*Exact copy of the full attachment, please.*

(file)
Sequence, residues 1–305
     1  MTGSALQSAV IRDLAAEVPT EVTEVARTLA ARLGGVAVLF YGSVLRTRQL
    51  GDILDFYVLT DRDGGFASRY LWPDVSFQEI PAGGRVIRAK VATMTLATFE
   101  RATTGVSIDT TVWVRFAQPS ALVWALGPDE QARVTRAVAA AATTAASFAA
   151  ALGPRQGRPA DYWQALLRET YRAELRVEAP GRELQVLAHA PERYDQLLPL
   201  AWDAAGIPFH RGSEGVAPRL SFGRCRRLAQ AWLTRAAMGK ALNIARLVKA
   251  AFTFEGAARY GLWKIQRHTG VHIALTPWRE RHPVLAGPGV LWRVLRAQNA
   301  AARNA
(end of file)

Sequence, residues 1–305
     1  MTGSALQSAV IRDLAAEVPT EVTEVARTLA ARLGGVAVLF YGSVLRTRQL
    51  GDILDFYVLT DRDGGFASRY LWPDVSFQEI PAGGRVIRAK VATMTLATFE
   101  RATTGVSIDT TVWVRFAQPS ALVWALGPDE QARVTRAVAA AATTAASFAA
   151  ALGPRQGRPA DYWQALLRET YRAELRVEAP GRELQVLAHA PERYDQLLPL
   201  AWDAAGIPFH RGSEGVAPRL SFGRCRRLAQ AWLTRAAMGK ALNIARLVKA
   251  AFTFEGAARY GLWKIQRHTG VHIALTPWRE RHPVLAGPGV LWRVLRAQNA
   301  AARNA